by Jennifer Sergent
Washington Spaces Magazine, Winter 2009
There was a lot of press when the late President Richard Nixon’s home in DC’s Wesley Heights went up for sale last year for $5 million. Despite the notoriety, the house sat on the market for more than a year before the listing agent called Caroline Carter.
“It was a tomb. It was so dark,” says Carter, president and CEO of Done in a Day Inc., a home staging company in Washington, DC. Noting that the “target market” for this home would probably be young families, she adds, “half the families looking [at the house] don’t give a hoot who Pat Nixon is.”
Whether it’s a home’s history, a precious art collection, or impeccable interior design, the area’s grandest addresses face a curious liability when placed on the market – those assets don’t sell. But if they are staged correctly, stagers argue, the cost of the staging ends up being significantly less than a major price reduction that follows when a home has been on the market for too long.
“The way people design to live and the way you need to design to sell are two completely different processes,” Carter says. Referring back to the Nixon property’s kitchen, she explains that the beech wood cabinets with copper fittings installed during the Nixons’ stay there wouldn’t resonate with a buyer. Forty years later, she says, “they just look old.”
Thirty days after Carter painted the kitchen cabinets, refaced bathroom tiles and kitchen appliances, replaced the Pepto-pink color of the dining room with a safer shade of cream, and re-furnished the rooms to approximate how a young family would live there, the house was under contract – to a young family with three children.
Carter had a similar experience consulting for another home in Cleveland Park recently, which had languished on the market to the dismay of several Realtors who looked at it. That’s because everyone thought it was one of the prettiest homes they had ever seen.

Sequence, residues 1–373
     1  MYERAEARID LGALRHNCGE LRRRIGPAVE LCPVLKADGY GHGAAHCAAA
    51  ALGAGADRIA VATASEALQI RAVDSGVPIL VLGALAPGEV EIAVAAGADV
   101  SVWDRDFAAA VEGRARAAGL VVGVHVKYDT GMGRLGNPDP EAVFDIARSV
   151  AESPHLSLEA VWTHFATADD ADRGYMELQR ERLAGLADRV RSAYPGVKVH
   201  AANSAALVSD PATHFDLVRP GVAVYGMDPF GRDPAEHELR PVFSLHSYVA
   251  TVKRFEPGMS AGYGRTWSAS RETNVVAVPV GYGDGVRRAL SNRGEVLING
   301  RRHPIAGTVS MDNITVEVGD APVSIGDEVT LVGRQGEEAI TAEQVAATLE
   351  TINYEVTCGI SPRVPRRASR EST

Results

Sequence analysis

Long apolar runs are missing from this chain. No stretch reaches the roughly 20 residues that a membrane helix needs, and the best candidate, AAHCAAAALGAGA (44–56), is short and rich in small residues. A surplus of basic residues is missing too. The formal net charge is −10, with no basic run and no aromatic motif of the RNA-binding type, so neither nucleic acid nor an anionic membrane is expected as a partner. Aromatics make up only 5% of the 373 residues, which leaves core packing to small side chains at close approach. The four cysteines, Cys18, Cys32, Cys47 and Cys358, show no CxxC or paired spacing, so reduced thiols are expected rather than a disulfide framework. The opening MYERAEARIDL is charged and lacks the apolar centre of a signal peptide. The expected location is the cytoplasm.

“Too much beauty,” was Carter’s explanation. “It was beautifully designed, but it was intimidating to a buyer.”
The home was being marketed as a family home, yet it was filled with precious (and breakable) Herend figurines, and the kitchen was lined with displays of historic flow-blue china. “It would make a young mom with two screaming kids run away,” she says. Carter advised the owner on how to remove all the “beauty” and replace it with a more family-friendly, Crate & Barrel style.
Alice Wilson, a partner with Antique & Contemporary Leasing Inc. in Alexandria, VA, agrees that multi-million-dollar homes have marketing issues that sellers in lower brackets don’t tend to worry about.
She mentions as an example the homes owned by diplomats and foreign service workers who have amassed impressive – and valuable – collections from their travels around the world.
“Sometimes it just takes your eye away from the architecture of the room. You don’t ever see the winding staircase because there’s this thick wall hanging overtaking the room,” Wilson says. “People don’t want to see your things. They want to see the house.”
When a home up for sale is empty, it brings a whole new set of issues. Wilson was brought in to stage a $13.5 million Middleburg, VA, estate built on speculation by neighboring landowners who saved the 103-acre property from subdivision.